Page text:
I'm going through Michael Sipser's Introduction to the Theory of Computation, and in one of the exercises we are asked to show that $\{0^m1^n | m \neq n\}$ is not a regular language (i.e. is not accepted by a finite automaton). The author gives two proofs, one of them by directly using the pumping lemma on the string $0^p1^{p+p!}$, where $p$ is the pumping length.

I came up with a different solution while reading the answer, which is probably incorrect because the textbook proof is more complicated. I was hoping someone could tell me where the error is: take $01^{p+1}$. Then $01^{p+1}=xyz$ for some $|y|>0$, $|xy|\leq p$ and y can be pumped. Then necessarily $y=0$, because $(01^m)$ can't be pumped for $1 \leq m$. This means $0^{p+1}1^{p+1}$ is in the language, which is a contradiction.

Did I make a mistake, and if so where? Thanks.

  • $\begingroup$ Why $y$ cannot be equal to $1$? $\endgroup$ Aug 31, 2013 at 6:48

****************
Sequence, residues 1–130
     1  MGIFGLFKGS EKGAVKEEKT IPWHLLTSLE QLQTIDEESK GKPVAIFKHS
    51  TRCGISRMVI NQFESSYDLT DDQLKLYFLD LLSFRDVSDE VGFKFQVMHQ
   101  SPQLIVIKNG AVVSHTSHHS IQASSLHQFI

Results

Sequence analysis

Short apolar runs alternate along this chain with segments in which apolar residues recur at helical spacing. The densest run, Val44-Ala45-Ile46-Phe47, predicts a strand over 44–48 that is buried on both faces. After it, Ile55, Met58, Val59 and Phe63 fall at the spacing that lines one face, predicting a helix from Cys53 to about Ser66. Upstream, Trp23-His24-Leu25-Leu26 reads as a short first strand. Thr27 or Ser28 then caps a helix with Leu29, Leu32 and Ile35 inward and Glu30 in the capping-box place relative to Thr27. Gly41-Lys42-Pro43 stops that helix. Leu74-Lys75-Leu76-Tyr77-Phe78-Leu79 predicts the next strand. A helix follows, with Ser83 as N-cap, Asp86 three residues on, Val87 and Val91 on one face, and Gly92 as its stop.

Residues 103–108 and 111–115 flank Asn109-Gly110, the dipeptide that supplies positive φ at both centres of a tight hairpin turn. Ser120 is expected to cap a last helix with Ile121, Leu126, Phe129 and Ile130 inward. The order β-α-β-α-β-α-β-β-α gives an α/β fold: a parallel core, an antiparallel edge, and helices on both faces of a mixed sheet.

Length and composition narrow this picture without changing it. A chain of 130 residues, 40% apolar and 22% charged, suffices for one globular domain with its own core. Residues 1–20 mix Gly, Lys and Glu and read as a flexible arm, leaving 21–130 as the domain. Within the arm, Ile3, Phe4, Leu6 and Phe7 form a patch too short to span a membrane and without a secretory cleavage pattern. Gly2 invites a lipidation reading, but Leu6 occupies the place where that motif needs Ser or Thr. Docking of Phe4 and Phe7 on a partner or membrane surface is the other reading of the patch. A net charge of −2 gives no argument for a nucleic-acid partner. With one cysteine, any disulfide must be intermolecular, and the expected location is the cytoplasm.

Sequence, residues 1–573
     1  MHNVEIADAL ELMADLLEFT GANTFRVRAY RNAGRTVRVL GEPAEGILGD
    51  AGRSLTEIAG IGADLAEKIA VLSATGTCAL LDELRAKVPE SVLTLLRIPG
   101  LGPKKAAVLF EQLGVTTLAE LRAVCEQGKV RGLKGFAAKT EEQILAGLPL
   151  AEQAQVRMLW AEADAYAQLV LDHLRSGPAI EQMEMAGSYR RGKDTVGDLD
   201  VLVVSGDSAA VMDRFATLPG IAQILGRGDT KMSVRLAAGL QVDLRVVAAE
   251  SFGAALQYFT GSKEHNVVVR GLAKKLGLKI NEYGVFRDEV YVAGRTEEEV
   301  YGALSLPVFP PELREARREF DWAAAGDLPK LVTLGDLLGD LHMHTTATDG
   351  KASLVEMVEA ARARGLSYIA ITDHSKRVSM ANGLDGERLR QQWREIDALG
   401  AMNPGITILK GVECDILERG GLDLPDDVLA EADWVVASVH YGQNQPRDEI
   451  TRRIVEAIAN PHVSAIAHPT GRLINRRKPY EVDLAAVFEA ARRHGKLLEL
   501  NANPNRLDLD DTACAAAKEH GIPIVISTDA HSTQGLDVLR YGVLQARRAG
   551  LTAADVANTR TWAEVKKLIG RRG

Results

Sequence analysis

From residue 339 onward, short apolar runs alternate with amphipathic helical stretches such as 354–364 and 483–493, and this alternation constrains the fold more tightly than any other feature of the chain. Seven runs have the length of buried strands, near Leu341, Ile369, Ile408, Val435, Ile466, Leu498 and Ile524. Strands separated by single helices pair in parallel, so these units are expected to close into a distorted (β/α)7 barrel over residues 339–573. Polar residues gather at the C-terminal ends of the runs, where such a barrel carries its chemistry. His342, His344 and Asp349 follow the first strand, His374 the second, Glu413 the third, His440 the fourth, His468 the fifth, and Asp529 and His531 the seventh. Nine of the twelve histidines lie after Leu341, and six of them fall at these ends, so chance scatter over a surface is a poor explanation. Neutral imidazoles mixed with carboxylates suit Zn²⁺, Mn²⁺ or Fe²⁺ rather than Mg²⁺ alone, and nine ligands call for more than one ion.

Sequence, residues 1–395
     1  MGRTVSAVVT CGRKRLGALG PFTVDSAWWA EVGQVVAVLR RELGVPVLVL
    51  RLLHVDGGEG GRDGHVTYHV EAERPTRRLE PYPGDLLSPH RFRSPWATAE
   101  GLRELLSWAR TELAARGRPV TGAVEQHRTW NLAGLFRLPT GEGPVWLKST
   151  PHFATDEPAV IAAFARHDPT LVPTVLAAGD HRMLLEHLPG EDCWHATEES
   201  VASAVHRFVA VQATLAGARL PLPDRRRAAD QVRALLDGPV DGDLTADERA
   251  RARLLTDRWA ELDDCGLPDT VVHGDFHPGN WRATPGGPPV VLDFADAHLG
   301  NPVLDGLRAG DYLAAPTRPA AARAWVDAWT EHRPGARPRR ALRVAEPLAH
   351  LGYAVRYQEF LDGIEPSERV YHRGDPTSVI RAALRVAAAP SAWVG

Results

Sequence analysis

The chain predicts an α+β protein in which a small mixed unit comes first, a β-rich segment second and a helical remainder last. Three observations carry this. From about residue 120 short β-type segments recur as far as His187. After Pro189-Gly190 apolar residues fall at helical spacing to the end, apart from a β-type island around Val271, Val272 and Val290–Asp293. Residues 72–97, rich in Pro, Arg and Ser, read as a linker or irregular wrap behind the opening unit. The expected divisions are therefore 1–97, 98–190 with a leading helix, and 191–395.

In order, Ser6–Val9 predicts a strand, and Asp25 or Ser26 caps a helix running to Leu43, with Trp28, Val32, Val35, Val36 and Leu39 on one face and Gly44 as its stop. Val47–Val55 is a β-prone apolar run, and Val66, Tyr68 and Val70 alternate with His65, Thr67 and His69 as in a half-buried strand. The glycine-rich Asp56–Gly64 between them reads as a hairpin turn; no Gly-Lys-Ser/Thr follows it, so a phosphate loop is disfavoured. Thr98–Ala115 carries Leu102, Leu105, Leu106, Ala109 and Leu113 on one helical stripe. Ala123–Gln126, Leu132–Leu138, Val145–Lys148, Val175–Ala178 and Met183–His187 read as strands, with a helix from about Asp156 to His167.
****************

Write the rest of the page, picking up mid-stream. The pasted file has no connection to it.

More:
• $\begingroup$ @BorisNovikov: Thanks, I'm dumb sometimes. $\endgroup$
    – row
    Aug 31, 2013 at 6:57
  • 1
    $\begingroup$ Can you use the complement? $\endgroup$
    – daniel
    Feb 18, 2017 at 3:33

1 Answer 1


It appears that you’ve misunderstood the use of the pumping lemma. You want to show that no matter how you decompose $01^{p+1}$ into $xyz$ with $|xy|\le p$ and $|y|>0$, there is an $n\ge 0$ such that $xy^nz\notin L$. You want to do this because the pumping lemma says that if $L$ were regular, you could find at least one decomposition such that $xy^nz\notin L$ for all $n\ge 0$.

Suppose that you decompose $01^{p+1}$ as $x=0$, $y=1^k$ with $1\le k\le p-1$, and $z=1^{p+1-k}$. Then


Since $n\ge 0$, $p+1+(n-1)k\ge p+1-k$. Moreover, $k\le p-1$, so $$p+1-k\ge p+1-(p-1)\ge 2\;,$$ and therefore $xy^nz\in L$ for all $n\ge 0$. In other words, there is a possible decomposition of $01^{p+1}$ that cannot always be pumped outside of $L$. Since this is what we would expect if $L$ were regular, this does not prove that $L$ is not regular.

  • $\begingroup$ +1 (at least) because before reading this answer, I didn't know what the pumping lemma was, but now I do! $\endgroup$ Jun 1, 2014 at 19:27

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